β2 integrin LFA1 mediates airway damage following neutrophil trans-epithelial migration during RSV infection.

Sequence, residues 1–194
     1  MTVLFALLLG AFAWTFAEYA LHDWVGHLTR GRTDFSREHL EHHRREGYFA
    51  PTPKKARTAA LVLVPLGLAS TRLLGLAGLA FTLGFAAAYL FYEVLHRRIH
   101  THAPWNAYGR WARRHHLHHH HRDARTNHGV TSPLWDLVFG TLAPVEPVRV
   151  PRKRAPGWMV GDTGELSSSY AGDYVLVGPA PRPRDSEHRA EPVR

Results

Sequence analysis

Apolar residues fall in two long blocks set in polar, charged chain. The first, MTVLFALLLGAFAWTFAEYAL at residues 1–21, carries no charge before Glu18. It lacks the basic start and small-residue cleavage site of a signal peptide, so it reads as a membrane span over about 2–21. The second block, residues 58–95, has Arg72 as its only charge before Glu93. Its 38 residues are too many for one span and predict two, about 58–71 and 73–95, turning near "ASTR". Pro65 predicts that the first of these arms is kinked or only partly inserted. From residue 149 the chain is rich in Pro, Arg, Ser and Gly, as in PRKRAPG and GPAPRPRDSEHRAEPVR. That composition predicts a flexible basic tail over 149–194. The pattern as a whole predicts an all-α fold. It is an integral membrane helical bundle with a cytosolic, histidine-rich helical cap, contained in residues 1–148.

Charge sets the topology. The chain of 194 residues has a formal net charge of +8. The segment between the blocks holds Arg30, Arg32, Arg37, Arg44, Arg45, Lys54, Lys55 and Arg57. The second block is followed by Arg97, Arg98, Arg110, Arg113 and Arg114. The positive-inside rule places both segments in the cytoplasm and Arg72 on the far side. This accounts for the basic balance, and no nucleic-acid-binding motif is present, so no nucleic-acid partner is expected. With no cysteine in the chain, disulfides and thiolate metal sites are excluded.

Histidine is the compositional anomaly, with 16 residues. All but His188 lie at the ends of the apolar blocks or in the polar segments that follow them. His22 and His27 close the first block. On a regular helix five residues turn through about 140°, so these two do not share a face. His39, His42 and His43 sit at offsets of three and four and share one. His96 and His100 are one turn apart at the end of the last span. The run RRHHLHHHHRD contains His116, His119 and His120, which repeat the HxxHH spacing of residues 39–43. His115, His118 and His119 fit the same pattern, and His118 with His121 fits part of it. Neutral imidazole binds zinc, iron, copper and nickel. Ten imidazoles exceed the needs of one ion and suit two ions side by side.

RSV bronchiolitis is the most common cause of infant hospital admissions, but there is limited understanding of the mechanisms of disease and no specific anti-viral treatment. Using a novel in vitro primary trans-epithelial neutrophil migration model and innovative imaging methods, we show that RSV infection of nasal airway epithelium increased neutrophil trans-epithelial migration and adhesion to infected epithelial cells, which is associated with epithelial cell damage, reduced ciliary beat frequency, but also a reduction in infectious viral load.Following migration, RSV infection results in greater neutrophil activation, degranulation and release of neutrophil elastase into the airway surface media compared to neutrophils that migrated across mock-infected nasal epithelial cells. Blocking of the interaction between the ligand on neutrophils (the β2 integrin LFA-1) for intracellular adhesion molecule-1 (ICAM-1) on epithelial cells reduced neutrophil adherence to RSV infected cells and epithelial cell damage to pre-infection levels, but did not reduce the numbers of neutrophils which migrated or prevent the reduction in infectious viral load.These findings have provided important insights into the contribution of neutrophils to airway damage and viral clearance, which are relevant to pathophysiology of RSV bronchiolitis. This model is a convenient, quantitative pre-clinical model that will further elucidate mechanisms that drive disease severity and has utility in anti-viral drug discovery.